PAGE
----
New Testament scholar Gail O’Day observes that there is a connection between the identity of Jesus and how you understand that and the meaning of your discipleship. She writes, “The decision to be a disciple is inseparable from the decision that one makes about Jesus’ identity.”

Now, listen to that again. I want you to think about your own life. The decision to be a disciple is inseparable from the decision one makes about Jesus’s identity. In other words, your discipleship will depend in many ways on how you understand Jesus. Who you believe Jesus to be, how you see his role and his function, dramatically impacts your life.

Philip wanted Nathanael to also become a disciple of Jesus and Nathanael was resistant. Nathanael said, “Can anything good come out of Nazareth?” Now, that’s that human identity. Apparently, Nazareth was not a town out of which may people came that were of great wisdom. It wasn’t associated with the great rabbis of the day.

When Nathanael met Jesus, however, he realized that Jesus recognized and knew something about him that others did not know. It was as though when he met Jesus that Jesus looked right into his head and his heart and apparently knew all about him. Jesus said, “Here is truly an Israelite in whom there is no deceit!” When he heard Jesus say this, Nathanael made a confession of faith, “Rabbi, you are the Son of God! You are the King of Israel!” Suddenly Nathanael knew that Jesus was far more than a teacher from Nazareth or even a rabbi from Nazareth. Nathanael called Jesus the Son of God and the King of Israel and those were significant titles in that culture.

Nothing changes our lives more than discovering Jesus’ deepest identity. When we think that Jesus is just another teacher, we’re often informed without being transformed. We can know a lot about the lessons that Jesus shared. We may hear sermons and read a lot of books about the Christian life, but even when we understand the way of life that Jesus offers, we don’t necessarily change. Again, we have information without transformation.

That can happen when people have been in church their whole lives, have moments of conflicts, moments of difficulty. I recall a conflict in a church meeting that started with a man who became irate. He was a leader in the church that I served, and I was surprised by his frustration and by the way he acted toward others when a certain topic was discussed and the conversation frankly didn’t go the way he wanted. After the meeting, I was seeking guidance from someone who had also been present and I sort of pulled her aside and I said, “Can you help me understand? What do I do with that. How can I help him in those moments?” And she looked at me with a sympathetic eye and she said, “Pastor, don’t let that bother you. I’ve known him my entire life. That’s how he acted in elementary school; that’s how he acted in middle school; and that’s how he acted in high school. Bless his heart, it’s still how he acts today!”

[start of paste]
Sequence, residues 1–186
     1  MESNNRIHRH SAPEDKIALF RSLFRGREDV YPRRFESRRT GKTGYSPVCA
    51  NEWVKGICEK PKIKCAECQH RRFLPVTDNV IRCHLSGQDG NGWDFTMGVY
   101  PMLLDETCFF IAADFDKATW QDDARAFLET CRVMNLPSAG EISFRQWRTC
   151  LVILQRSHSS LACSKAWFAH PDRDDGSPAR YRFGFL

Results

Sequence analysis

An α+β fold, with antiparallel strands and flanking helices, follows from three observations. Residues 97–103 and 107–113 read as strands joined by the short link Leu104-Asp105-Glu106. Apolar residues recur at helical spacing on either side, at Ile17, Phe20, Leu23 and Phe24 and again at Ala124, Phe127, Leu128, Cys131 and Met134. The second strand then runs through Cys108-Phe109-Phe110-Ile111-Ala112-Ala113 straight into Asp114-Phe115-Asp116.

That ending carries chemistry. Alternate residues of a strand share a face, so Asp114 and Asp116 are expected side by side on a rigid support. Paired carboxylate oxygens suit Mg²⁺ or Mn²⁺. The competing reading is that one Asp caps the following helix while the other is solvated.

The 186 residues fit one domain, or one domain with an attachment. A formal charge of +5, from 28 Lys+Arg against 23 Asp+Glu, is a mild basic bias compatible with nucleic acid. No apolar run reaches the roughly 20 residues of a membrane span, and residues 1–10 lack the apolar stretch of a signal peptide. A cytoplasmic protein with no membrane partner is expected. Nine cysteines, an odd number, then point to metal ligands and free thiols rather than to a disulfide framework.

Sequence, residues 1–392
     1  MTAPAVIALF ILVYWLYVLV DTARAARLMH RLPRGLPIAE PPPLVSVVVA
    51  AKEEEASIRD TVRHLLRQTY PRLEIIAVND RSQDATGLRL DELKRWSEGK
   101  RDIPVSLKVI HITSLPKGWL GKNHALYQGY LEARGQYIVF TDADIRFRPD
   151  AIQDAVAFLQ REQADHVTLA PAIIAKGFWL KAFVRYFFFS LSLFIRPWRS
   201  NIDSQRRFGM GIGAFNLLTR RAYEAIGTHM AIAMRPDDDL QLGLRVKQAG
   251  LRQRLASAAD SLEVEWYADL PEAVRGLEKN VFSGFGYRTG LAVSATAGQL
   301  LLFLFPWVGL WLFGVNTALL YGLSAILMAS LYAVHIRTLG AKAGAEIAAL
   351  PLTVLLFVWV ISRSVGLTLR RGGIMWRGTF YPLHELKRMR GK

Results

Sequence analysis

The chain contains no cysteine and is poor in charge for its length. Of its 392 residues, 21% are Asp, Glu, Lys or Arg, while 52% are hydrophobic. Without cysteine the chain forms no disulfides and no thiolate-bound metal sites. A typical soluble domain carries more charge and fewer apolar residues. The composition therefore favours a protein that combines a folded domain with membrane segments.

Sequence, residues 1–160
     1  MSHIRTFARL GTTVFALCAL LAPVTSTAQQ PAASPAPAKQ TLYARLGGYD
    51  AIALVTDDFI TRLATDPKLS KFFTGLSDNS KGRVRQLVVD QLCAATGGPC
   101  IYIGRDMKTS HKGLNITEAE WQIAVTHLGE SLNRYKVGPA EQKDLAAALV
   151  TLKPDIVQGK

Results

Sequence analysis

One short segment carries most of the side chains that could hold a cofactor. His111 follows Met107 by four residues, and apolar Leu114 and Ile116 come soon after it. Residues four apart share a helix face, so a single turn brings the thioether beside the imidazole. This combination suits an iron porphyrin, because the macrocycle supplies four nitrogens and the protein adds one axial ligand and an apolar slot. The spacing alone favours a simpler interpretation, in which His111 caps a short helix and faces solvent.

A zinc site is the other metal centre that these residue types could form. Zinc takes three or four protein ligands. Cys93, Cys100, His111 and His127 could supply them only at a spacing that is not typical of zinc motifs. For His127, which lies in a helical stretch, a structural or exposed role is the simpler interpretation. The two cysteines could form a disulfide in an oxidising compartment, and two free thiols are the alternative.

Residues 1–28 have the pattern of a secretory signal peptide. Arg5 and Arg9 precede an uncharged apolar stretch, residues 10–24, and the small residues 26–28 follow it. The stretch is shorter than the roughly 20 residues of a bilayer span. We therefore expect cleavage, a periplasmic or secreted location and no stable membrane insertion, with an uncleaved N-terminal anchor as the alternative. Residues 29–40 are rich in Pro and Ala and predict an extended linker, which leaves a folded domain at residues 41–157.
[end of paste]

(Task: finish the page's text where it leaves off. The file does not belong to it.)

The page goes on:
You know, it’s possible to know the Beatitudes but not know the blessings of obedience to Christ. It’s possible to recite the great commandment to love God, our neighbor and ourselves, but fail to treat other people with just basic respect and grace. The great commission can sometimes be recited from memory, but the truth is we haven’t prayed for anyone to know Christ or attempted to share our faith in years. And we can memorize the 23rd Psalm and know it by heart, but when we actually go through a time of tragedy not feel the abiding presence of the Good Shepherd.

That’s information without transformation.

Nathanael claimed that Jesus was the Son of God and the King of Israel and that understanding of Jesus’ identity, I believe, changed Nathanael’s life. I think it set him on a discipleship path that when he got to the other side of it, he was transformed. He was changed. He was truly a Christ-follower.